AFP (with additional material by AP). 30 January 2002. Milosevic,
requesting release, says he will not miss court "battle"; Milosevic
appeal hearing adjourned, no decision taken.
THE HAGUE -- Yugoslavia's former president Slobodan Milosevic on
Wednesday asked the UN war crimes court to temporarily release him,
saying he would gladly return to The Hague to wage "battle" to prove his
"It would be logical and just to let me go. I will not flee," Milosevic
told presiding judge Claude Jorda.
"I am fully prepared to come to any hearing because this is not a battle
I will miss," he argued during a 30-minute diatribe.
"I want to be freed. I want you to set me free," he told the court,
promising to return to face the accusations.
Often waving and pointing his finger at the prosecutors and judges,
Milosevic spoke for nearly the full 30 minutes allocated to the defense
during a hearing on whether the three indictments against him should be
joined in one trial.
During five earlier appearances before a three-judge trial court,
Milosevic was silenced every time he sought to give a statement. Judge
Richard May repeatedly turned off his microphone when the defendant
refused to be quiet, saying the pretrial hearings were not the place for
But Judge Claude Jorda, heading Wednesday's five-man appellate panel,
ruled that Milosevic should be allowed to speak, prompting him to
comment that "this is the first time I've not been interrupted."
Milosevic, whose first trial is scheduled to begin Feb. 12, did not
address the motion, but used the opportunity to give his view of the
decade of turmoil in the former Yugoslavia.
He called the long list of charges against him "abnormal and
nonsensical," and said his goal was to protect Serbs and bring peace as
soon as possible to the troubled republics of Yugoslavia.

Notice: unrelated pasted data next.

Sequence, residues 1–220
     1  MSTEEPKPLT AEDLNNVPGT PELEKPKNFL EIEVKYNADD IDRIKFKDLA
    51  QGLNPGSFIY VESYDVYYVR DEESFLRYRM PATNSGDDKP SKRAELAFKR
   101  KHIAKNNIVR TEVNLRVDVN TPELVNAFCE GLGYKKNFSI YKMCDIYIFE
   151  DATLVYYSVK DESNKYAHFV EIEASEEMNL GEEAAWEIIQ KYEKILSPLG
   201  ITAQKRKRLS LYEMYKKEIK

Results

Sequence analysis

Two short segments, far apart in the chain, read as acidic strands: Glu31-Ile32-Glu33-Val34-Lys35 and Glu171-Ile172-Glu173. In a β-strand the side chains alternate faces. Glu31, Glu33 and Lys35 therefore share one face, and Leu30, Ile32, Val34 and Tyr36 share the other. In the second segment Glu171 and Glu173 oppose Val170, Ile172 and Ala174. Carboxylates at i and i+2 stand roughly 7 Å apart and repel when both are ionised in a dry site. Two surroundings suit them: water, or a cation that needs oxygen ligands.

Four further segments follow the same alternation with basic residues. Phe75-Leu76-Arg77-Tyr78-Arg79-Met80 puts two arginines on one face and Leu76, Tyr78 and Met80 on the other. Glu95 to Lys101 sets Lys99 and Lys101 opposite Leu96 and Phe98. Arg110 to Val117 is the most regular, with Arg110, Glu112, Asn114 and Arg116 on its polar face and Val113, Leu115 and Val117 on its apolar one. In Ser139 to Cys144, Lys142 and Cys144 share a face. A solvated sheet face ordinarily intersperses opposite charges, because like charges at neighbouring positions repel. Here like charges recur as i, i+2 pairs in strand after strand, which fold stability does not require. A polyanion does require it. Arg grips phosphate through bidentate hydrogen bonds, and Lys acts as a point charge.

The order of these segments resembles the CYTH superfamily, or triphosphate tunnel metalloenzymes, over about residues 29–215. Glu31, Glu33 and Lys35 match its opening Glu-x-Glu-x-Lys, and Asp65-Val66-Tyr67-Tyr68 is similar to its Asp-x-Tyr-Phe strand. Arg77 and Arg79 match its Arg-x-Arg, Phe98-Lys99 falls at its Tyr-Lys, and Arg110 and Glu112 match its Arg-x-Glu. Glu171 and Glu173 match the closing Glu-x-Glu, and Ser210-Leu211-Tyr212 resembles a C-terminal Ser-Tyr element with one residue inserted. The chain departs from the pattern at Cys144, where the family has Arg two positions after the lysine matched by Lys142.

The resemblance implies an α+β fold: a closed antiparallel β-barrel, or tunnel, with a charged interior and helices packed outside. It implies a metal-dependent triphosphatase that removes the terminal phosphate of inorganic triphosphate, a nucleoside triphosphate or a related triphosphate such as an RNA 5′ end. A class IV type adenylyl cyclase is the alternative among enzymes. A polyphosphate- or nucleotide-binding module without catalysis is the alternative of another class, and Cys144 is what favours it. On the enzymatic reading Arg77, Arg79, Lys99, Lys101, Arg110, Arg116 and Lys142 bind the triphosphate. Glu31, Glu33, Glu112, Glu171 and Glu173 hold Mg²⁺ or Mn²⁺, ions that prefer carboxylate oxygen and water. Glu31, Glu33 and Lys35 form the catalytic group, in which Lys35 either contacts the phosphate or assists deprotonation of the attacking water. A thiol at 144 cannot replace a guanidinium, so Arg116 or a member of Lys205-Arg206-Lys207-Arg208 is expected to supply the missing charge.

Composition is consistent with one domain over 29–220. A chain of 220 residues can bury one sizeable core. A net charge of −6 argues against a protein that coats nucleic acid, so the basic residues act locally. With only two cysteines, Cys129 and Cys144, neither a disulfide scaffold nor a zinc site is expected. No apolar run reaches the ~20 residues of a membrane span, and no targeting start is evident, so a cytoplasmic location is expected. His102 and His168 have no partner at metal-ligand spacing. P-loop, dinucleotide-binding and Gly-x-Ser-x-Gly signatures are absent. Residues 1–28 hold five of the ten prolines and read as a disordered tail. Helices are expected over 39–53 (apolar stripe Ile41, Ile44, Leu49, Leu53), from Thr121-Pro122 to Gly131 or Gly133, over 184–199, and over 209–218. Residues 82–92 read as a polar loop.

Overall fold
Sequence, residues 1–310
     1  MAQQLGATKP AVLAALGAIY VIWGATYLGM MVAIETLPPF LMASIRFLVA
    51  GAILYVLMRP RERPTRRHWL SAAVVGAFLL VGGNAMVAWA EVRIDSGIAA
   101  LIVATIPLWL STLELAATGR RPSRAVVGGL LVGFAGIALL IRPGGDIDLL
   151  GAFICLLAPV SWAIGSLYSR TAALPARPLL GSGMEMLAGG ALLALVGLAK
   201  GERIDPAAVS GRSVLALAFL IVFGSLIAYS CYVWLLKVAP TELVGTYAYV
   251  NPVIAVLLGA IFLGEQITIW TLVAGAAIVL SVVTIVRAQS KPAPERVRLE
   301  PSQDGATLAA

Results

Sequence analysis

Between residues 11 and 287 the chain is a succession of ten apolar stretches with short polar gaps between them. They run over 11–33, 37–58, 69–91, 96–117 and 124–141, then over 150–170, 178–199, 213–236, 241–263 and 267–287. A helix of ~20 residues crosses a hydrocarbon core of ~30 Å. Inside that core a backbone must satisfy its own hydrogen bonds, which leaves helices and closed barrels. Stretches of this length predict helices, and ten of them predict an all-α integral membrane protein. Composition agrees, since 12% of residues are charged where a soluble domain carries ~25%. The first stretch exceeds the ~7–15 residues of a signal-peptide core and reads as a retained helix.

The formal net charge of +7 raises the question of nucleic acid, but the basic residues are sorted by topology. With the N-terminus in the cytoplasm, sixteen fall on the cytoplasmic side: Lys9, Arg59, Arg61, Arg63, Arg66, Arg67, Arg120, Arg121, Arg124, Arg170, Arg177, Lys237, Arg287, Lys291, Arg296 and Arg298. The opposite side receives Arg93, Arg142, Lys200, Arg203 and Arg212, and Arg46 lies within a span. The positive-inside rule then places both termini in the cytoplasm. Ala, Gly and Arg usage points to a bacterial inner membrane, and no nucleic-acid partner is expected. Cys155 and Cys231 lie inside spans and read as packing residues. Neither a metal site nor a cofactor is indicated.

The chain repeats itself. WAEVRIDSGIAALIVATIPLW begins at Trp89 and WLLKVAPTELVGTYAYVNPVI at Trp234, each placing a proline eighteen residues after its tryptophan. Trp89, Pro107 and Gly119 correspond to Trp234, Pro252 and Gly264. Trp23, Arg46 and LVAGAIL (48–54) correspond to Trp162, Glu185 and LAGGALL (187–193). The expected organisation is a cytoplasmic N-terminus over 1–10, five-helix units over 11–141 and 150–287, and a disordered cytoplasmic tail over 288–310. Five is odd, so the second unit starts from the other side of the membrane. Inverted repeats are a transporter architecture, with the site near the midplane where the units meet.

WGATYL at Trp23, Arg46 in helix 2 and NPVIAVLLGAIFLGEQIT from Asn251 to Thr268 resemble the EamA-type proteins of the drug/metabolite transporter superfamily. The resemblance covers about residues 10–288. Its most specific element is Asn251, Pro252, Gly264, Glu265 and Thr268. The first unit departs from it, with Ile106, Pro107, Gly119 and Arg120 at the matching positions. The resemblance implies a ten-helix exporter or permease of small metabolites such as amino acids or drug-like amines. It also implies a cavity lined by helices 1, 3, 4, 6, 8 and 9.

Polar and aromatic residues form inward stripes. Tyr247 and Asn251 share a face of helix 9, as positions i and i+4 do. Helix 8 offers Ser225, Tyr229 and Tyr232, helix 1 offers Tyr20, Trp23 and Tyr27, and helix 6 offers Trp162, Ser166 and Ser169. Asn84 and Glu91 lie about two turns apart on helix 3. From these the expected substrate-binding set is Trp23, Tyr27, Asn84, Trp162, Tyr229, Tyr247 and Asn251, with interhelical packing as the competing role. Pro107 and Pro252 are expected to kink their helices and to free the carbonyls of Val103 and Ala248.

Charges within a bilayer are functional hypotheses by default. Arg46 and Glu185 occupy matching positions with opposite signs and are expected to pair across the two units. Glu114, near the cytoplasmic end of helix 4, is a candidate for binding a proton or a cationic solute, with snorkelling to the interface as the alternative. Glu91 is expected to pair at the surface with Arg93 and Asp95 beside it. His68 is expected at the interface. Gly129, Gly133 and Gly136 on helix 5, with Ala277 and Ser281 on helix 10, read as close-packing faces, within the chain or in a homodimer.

"I would call this an evil and hostile attack aimed at justifying the
crimes committed against my country," he said of the indictments against
Putting him on trial was "an attempt to turn the victim into the
The court is hearing an appeal by the prosecution, which is challenging
a decision to hold two separate Milosevic trials on charges of war
crimes in Kosovo and on genocide and war crimes in Bosnia and Croatia.
Jorda asked Milosevic whether he preferred two trials or just one.
Milosevic did not answer the question, telling the judge: "By adding up
three lies you will not get to the truth, you will enlarge the lie."
He then lunged into a diatribe, charging that NATO had committed crimes
against Yugoslavia during its 1999 air war and arguing that he had
worked to end the war in Bosnia after UN peacekeepers were taken hostage
"How many of your hostages did we save?" he asked the court.
"We saved your pilots, we saved your soldiers," he said.
Asked again whether he saw the conflicts in the former Yugoslavia as one
event, to be dealt with in one trial, Milosevic refused to give a clear
"As far as what I would prefer, I would prefer the truth," he said.
"As far as how you deal with procedures, that is up to you. I will give
you no suggestions," he added.
The judges will hear arguments from the amici curiae, legal advisers to
the court, on joining the indictments and give the prosecution a chance
to react to those arguments.
The UN war crimes tribunal on Wednesday adjourned a hearing of an appeal
against a decision to hold two trials of former Yugoslav president
Slodoban Milosevic without issuing a ruling.
"We will issue a decision as soon as possible," presiding judge Claude
Jorda said at the end of the hearing.
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